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High winds? Check on the trees

February 28, 2009|By BOB KESSLER

Recent high winds blew some trees down and broke limbs off others. This type of damage reminds us that we need to inspect our trees a few times a year - after leaf drop in the fall, early in the spring and after a severe storm. Now is a good time to do that.

Examine the trees in your yard from top to bottom, including exposed roots. Use a pair of binoculars if you have tall trees.

Look at the tree from all angles and then walk the drip line of the tree and look at the ground for any sign that roots might have lifted because of breakage from stress.

When you inspect the tree, you want to look at its general condition.

Does it seem healthy or do you see a lot of dead wood like twigs and branches? Especially pay close attention to trees that are older or to trees that construction has occurred (such as placement of a new sidewalk or water line), which might have cut some roots.

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If you find dead wood, it must be removed immediately, especially if it's an overhanging branch. If it is over a sidewalk you might want to block the walk until you get the problem resolved.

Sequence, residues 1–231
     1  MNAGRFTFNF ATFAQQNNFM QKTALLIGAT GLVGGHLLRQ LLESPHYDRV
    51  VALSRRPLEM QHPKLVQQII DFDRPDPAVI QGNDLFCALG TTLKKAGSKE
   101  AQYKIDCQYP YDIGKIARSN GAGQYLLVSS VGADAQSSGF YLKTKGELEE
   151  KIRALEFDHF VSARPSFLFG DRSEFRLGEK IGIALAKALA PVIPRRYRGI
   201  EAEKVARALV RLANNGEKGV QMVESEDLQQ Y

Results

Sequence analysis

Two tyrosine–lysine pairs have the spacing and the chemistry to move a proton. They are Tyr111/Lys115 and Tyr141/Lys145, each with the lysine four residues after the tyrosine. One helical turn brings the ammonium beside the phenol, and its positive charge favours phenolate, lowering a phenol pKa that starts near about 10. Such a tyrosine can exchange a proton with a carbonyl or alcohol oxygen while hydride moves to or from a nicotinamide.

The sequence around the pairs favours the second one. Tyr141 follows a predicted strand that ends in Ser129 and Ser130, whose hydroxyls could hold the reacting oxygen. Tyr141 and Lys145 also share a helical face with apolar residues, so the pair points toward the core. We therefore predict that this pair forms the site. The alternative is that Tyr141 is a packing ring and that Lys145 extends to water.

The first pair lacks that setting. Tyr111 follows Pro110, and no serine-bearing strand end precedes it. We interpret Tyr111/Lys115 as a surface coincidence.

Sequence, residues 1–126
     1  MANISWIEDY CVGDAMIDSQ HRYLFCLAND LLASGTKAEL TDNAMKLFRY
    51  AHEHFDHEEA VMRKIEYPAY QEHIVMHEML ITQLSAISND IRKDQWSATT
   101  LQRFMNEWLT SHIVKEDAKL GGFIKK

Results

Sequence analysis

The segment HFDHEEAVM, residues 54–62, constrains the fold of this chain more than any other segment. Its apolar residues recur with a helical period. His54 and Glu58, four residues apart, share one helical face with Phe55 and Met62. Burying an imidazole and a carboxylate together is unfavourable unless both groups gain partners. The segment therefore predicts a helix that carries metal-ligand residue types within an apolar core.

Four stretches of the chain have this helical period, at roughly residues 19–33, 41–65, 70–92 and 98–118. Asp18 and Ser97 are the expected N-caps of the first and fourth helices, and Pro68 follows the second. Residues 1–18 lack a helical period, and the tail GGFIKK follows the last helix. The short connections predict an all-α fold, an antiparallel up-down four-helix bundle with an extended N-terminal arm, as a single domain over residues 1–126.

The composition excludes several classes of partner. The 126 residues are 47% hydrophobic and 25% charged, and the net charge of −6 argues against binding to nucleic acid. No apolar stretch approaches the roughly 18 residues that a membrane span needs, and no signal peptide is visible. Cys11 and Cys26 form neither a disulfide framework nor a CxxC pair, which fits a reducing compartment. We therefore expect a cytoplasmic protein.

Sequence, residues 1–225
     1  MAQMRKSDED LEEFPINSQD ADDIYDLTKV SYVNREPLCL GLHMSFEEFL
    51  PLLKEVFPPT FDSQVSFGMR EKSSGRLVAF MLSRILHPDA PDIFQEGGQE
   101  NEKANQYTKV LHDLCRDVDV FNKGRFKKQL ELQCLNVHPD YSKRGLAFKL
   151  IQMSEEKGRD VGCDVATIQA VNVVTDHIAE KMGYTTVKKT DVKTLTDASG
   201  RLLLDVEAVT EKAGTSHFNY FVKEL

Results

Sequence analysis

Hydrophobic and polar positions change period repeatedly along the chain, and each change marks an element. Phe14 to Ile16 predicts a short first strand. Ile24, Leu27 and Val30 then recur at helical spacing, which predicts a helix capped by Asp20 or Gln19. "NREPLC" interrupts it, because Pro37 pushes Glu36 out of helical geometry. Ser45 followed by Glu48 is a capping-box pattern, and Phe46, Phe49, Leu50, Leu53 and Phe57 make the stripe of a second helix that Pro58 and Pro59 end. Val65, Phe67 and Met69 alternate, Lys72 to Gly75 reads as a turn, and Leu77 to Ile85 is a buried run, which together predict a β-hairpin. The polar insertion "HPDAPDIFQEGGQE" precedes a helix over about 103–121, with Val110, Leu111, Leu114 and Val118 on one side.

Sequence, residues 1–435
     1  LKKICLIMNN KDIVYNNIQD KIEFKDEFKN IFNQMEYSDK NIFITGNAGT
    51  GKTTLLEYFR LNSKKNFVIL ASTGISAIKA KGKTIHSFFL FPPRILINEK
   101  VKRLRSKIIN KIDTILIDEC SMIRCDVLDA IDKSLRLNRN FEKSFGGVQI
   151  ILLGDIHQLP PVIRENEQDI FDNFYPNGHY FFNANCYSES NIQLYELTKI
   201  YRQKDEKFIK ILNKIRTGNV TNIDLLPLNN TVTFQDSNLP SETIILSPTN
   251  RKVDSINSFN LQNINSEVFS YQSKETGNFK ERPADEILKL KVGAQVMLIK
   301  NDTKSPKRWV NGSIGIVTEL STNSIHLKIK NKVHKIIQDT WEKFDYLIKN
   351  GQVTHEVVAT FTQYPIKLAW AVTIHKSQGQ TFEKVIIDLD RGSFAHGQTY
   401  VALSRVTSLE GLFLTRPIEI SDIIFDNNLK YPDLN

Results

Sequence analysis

Inspect the tree for cracks or split in the trunk. High winds might cause a split to occur where two trunks of the tree meet or where a branch grows from a trunk. This split or crack means the structural strength of the tree is weaker.

This type of damage should be inspected by a tree specialist. A trained arborist can evaluate a tree to determine whether it can be salvaged or should be removed.

Also, look at your tree for signs of decay. If you have a cavity in the trunk of the tree, is the wood soft and decayed inside? If it is, again, get a trained professional to see if the tree is still structurally sound.

Look for signs of rot at the base of the tree. If you notice fungi growing on the trunk or around the base of the tree, it probably means that there is decay happening to the trunk or the roots and further evaluation by an arborist is important.

While you are looking at the base of the tree, are there girdling roots visible or damage from string trimmers? These damages can result in a weaker tree and can often be part of the reason why a tree fails. I see trees in the area that people try to keep growing that are structurally so bad that they should be removed. These are trees where the weight of the tree is uneven and off to one side of the trunk or a tree that leans excessively.

If you have any doubts about a tree in your yard, consult a professional. If the tree needs to be removed, they can do this for you. Perhaps the weakness can be corrected with cables and bracing, or by proper pruning. Never let someone come in and remove the top from your tree and end up with large stubs where branches used to be. This is extremely hard on the tree and you will never improve your tree with such a practice.

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